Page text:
Automatic enrolment has had many benefits for employees. Since 2012, the number of private-sector employees with a pension scheme has risen by over 35% due to successful auto-enrolment.
For small employers, auto-enrolment can be difficult to manage – the same responsibilities as listed PLCs stand, without the large payroll department that can manage it effectively.
Alternatively, you can download the full guide here –
What are my responsibilities?
As soon as any employee is eligible for a pension, you must:
- Offer a workplace pension to employees that are eligible
- Determine if any employees should be auto enrolled into the pension scheme every pay period
- Make the appropriate deductions and employer contributions each month
- Ensure the Pensions Regulator is aware of the scheme
How do workplace pensions work?
- At the start of the scheme and at every pay date, employee earnings must be assessed. An employee can put 5% at the least into their pension, and the employer must contribute 3%.
- Employees are auto enrolled if they earn over £10,000 per year
- If an employee earns more than £6,136, they can opt-in to a workplace pension, and an employer must make contributions
- An employee earning under £6,136 can still opt-in, but the employer is not legally required to contribute
What are the rules for temporary staff and irregular earners?
Auto enrolment can be postponed for a maximum of three months, which is useful for employing temporary staff. It can also be delayed if an employee has handed in their notice or has a rise on their normal earnings. This can happen when an employee receives a bonus, but due care should be used, as if this becomes a regular occurrence, it can be considered as part of yearly earnings. As such, these bonuses could push earnings over £10,000 per year and result in auto enrolment.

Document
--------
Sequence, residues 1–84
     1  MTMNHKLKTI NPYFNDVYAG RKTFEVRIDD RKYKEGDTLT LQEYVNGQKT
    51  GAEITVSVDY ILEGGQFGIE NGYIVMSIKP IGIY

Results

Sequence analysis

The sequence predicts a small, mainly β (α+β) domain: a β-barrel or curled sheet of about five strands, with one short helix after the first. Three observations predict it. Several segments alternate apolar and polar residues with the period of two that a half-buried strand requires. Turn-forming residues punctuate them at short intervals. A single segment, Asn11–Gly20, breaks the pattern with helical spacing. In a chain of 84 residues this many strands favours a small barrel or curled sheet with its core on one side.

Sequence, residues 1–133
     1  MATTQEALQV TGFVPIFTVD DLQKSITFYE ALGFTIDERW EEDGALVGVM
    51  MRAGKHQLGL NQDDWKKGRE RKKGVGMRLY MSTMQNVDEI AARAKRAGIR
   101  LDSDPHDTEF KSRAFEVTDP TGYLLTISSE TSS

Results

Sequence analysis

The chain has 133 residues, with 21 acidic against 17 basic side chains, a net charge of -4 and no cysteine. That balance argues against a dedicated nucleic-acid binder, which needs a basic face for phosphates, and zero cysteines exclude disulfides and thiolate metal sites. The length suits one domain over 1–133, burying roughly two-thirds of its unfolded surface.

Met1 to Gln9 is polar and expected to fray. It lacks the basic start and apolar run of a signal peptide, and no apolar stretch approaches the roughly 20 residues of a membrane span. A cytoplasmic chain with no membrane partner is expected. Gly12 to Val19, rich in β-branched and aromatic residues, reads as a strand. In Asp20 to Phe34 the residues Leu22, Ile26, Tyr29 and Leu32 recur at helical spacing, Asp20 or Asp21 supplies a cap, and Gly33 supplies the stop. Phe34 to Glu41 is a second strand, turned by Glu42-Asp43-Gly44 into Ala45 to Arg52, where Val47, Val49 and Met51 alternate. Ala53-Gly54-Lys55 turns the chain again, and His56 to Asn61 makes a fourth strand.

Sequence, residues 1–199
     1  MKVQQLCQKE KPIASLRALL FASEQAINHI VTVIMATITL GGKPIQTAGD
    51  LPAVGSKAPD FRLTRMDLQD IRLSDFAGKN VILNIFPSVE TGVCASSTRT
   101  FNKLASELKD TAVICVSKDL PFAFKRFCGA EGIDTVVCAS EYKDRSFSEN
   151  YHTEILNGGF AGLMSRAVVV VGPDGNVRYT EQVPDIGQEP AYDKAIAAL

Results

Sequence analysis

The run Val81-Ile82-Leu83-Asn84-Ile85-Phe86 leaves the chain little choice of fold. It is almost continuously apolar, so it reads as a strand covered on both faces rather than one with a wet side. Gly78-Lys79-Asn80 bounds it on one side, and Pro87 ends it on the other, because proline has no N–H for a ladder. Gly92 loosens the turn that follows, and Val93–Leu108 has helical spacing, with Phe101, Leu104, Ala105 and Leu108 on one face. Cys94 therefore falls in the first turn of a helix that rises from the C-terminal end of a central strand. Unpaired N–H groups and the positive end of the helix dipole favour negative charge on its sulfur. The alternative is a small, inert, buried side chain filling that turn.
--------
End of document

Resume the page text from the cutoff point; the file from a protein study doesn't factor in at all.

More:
What is the process?
In the first month, you as the employer must deduct the employee contribution from their pay and then make the relevant contribution. These then must be passed onto the pension provider accompanied with certain personal data collected from the employee.
The pension provider will then set up the account and will contact the employee, detailing the scheme and how they can opt out. Employees then have 30 days to opt out and get their contributions refunded, otherwise they won’t get their contributions back. They can choose to re-enroll in the future.
Employers pressuring employees to opt out of the pension scheme is illegal, making it easier for the scheme provider to deal with the employee directly.
What about contribution rates?
The minimum combined contribution rates are 8% of the qualified earnings – a minimum of 3% needs to come from the employer. Remember that qualifying earnings in 2019/20 are between £6,136 and £50,000.
Whilst these are minimum requirements, many employers decide to offer more as an attractive benefit.
What are the pension taxes?
Pension deductions are tax-free, with two different ways to set them up in payroll – relief at source and net-pay. These are explained further in the full guide that you can download below.
What are my responsibilities with re-enrolment?
New employers, even if they have no employees eligible to join a pension scheme must provide certain information to the Pensions Regulator within five months.
Make sure to do these things:
- Three years after setting up a workplace pension scheme, anyone who has opted out of the scheme but meets the threshold for auto-enrolment must be re-enrolled
- Certain data about employees must also be given to the Pensions Regulator after 3 years
- Inform new employees about the scheme and how they can join and about any postponements
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